Event Recap: 2022 Cybersecurity Policy Priorities
Perspectives from the Executive and Legislative Branches
Silverado Policy Accelerator hosted a virtual event on Thursday morning exploring key cybersecurity policy priorities for the coming year, with perspectives from the legislative and executive branches. The discussion, moderated by Silverado’s Executive Chairman and Co-Founder Dmitri Alperovitch, featured Congresswoman Yvette Clarke (D-NY), the chair of the Homeland Cybersecurity, Infrastructure Protection and Innovation Subcommittee, Congressman John Katko (R-NY), the ranking member of the House Homeland Security Committee, U.S. Department of Homeland Security Under Secretary for Policy Robert Silvers, and FBI Cyber Division Assistant Director Bryan Vorndran.
The panelists laid out a range of priorities for the coming year, including new steps to strengthen the Cybersecurity and Infrastructure Security Agency (CISA), combat ransomware, and pass cyber incident reporting legislation. Congresswoman Clarke and Congressman Katko agreed that passing cyber incident reporting legislation, which was not included in the FY 2022 National Defense Authorization Act, should be a top priority for the current Congress, and both members expressed confidence that Congress will be able to find a vehicle to pass that legislation within the year. Congressman Katko also noted that he hoped to turn CISA into a “$5-billion agency,” which would double the agency’s current budget.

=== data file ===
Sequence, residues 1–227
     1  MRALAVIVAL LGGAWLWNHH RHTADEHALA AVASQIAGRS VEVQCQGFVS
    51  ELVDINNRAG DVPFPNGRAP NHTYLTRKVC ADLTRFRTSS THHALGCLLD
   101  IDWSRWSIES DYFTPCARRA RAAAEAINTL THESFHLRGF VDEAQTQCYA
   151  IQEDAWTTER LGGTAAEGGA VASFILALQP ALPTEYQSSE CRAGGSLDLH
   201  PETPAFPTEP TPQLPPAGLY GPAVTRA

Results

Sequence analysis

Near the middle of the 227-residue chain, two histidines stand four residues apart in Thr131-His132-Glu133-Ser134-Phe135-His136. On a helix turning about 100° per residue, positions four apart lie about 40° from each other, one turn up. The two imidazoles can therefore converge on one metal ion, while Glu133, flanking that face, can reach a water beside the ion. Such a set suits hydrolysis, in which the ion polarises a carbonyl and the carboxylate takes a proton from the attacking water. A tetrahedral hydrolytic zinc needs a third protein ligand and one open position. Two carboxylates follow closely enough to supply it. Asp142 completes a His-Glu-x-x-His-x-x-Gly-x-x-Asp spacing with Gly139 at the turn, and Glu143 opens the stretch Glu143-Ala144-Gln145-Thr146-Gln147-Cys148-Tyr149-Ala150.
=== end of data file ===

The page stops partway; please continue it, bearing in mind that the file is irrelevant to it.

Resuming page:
On the executive side, Under Secretary Silvers and FBI Assistant Director Vorndran discussed the precise mechanism of an incident reporting system, with Assistant Director Vordran saying that the FBI needs “real-time and unfiltered” access to the data gathered through that system in order to respond to effectively incidents, even if the reports are filed directly with CISA. Under Secretary Silvers indicated that CISA plans to share all data directly with the FBI even if the final legislation does not specify an explicit information-sharing mechanism.